Here’s Why You Shouldn’t Stop Your Equity SIP Just Yet
If you’re an equity investor, chances are the recent slide in the market has made you a little worried. It’s also possible that you’re none too pleased about the returns over the past year or two.
That’s understandable. The benchmark Nifty 50 Index lost more than 1,200 points in just over a month, having touched a lifetime high of 12,088.5 at the start of June. Worries about economic growth persist and foreign investors continue to hit the sell button. In fact, since April last year, the Nifty 50 has gained over 7 percent.
Adjusted for inflation and taxes, that isn’t much of a return at all.
But financial planners advise that small investors shouldn’t get fazed by this, and instead treat this as an opportunity to accumulate if their requirement for funds is at least five years away.
“You have to go back to the objective you had when you started the SIP (systematic investment plan),” said Harshvardhan Roongta, founder of Roongta Securities. The purpose of a systematic investment plan, he said, is to allow an individual to invest even if they don’t have a large amount of money set aside. It is also a great way to average the cost of purchasing equity.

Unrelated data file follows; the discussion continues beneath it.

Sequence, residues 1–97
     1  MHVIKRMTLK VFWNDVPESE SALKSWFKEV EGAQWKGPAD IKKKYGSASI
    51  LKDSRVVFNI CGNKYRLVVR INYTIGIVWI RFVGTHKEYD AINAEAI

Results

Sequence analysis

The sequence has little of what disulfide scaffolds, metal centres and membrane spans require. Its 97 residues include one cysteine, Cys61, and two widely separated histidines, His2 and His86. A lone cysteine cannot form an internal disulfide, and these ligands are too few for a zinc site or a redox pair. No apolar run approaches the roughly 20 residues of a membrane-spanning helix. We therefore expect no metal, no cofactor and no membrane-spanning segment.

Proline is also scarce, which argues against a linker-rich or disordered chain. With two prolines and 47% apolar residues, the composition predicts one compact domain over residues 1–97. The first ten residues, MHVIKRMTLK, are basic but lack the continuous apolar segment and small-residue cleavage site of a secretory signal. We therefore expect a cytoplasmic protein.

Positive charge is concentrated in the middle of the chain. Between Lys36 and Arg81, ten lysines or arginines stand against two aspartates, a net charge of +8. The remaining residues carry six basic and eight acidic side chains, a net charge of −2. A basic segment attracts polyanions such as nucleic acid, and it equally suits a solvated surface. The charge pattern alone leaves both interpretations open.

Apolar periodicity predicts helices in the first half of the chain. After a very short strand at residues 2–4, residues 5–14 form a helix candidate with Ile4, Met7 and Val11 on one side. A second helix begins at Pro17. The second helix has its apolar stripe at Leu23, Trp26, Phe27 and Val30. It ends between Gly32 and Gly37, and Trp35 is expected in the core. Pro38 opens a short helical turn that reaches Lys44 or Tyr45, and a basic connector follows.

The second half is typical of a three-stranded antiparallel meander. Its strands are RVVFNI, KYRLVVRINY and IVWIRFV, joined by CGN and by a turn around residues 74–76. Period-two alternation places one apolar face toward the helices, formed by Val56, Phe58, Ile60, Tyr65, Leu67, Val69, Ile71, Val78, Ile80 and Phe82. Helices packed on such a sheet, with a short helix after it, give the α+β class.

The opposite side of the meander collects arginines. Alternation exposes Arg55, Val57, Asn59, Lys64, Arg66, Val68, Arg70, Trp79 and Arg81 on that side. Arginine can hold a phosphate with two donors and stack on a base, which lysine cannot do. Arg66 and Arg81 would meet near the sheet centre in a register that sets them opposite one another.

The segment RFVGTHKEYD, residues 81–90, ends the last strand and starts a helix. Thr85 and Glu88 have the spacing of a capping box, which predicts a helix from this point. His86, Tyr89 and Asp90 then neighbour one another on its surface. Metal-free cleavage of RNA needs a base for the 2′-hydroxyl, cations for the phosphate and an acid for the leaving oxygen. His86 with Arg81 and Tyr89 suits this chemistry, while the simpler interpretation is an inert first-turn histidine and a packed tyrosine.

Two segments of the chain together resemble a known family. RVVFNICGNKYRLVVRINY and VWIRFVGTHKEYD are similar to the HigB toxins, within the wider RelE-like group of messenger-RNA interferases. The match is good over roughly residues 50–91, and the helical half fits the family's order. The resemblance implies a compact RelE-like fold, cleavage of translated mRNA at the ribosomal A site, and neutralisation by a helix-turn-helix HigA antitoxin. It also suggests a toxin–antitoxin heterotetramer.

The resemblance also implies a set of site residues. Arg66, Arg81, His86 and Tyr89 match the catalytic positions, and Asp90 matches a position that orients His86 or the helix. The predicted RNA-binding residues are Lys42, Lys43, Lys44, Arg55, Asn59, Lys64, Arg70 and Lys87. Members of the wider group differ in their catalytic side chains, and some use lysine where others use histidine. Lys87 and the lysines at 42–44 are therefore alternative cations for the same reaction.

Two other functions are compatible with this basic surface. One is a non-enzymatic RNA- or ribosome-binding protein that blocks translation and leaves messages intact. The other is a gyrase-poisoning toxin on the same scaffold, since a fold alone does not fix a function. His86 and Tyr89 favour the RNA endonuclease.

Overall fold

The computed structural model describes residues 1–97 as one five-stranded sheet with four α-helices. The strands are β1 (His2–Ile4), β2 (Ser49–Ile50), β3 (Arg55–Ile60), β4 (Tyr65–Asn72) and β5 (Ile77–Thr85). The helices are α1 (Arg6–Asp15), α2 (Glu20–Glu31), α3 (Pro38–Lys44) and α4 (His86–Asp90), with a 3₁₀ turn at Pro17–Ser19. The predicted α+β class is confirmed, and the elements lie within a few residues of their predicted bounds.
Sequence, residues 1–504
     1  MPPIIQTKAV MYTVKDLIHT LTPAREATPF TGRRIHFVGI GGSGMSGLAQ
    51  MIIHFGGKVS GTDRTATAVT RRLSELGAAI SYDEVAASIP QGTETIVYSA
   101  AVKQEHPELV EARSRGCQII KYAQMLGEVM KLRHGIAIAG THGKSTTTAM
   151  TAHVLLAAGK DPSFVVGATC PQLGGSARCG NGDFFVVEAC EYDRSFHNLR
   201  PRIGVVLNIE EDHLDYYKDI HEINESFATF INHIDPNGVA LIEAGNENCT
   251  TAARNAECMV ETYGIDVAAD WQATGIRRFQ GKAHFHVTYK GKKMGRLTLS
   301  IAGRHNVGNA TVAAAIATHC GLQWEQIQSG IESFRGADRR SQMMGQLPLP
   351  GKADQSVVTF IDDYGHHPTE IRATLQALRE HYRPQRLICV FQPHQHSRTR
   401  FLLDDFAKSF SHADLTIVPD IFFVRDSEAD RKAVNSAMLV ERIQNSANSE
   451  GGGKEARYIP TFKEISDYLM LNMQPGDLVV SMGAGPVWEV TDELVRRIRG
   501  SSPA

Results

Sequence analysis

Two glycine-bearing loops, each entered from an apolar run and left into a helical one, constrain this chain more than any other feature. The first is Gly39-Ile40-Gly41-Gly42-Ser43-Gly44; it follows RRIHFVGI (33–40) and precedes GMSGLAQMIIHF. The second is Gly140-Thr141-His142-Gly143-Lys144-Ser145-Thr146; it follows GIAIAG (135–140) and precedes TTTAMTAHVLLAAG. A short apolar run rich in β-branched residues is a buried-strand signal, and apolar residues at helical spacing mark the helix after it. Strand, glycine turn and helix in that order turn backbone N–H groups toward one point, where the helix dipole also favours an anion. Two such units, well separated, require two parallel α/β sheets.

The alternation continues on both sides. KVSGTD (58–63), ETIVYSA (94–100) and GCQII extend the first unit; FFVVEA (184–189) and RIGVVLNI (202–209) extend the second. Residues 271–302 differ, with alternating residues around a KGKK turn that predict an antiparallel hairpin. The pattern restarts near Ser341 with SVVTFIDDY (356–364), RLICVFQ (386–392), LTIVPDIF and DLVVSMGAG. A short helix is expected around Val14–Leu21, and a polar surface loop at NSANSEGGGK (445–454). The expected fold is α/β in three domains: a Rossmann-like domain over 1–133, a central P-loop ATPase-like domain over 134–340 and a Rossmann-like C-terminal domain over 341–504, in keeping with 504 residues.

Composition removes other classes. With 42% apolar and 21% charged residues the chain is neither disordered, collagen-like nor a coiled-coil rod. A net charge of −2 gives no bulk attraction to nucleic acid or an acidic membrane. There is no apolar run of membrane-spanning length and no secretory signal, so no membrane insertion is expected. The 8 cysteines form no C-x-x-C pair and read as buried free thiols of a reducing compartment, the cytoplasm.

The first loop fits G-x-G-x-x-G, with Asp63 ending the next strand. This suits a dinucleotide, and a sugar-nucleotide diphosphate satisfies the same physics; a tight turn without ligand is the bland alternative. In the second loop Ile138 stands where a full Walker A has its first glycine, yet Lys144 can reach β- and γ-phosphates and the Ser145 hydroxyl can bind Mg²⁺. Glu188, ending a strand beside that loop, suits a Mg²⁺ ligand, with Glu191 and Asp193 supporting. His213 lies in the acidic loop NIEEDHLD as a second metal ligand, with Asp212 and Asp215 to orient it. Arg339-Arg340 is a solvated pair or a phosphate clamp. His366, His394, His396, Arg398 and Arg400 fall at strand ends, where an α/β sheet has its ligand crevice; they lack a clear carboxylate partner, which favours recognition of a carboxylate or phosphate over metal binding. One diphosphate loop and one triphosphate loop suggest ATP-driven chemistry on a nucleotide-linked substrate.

“You’re doing an SIP because you don’t know which way the market is going to go. But, you have an underlying belief that the Indian economy is growing, and you want to be a part of it. If you were absolutely certain that the market was only heading higher, you’d sell everything and put money in the market,” said Roongta.
Financial planners usually advise investors to choose equity if their requirement for funds is over five years away. That’s based on the expectation that economic cycles usually take more than five years to play out.
“I tell my clients that in the stock market, many times 80 percent of returns come in 20 percent of the time,” said Gajendra Kothari, managing director and chief executive officer of Etica Wealth Management.
Kiran Telang, a SEBI-registered investment advisor, concurred. “I come from a goal-setting and asset allocation perspective. If you have a goal that is 10 years away, this is a good time to buy (equity).”
The thing is, many retail investors who’ve chosen to participate in India’s growth story in the recent past haven’t yet seen a full cycle for either the equity market or the economy. They most certainly haven’t seen the crash that took place when the global financial crisis of 2008 struck.
Why SIPs Work: An Illustration
Here’s an illustration using data compiled by JRL Money that might put things in perspective.
Assume you put a lump sum amount in HDFC Equity Fund (Growth), a multi-cap fund, on Jan. 1, 2008. Not long after that, when the shock waves emanating from the U.S. and European markets hit India’s shores, the losses start accumulating. By the end of the year, your lump sum investment would be worth 56 percent less.
Instead, if you had averaged your cost of acquisition by buying every month through SIP, on Dec. 1, 2008 your investments would be lower by 35 percent.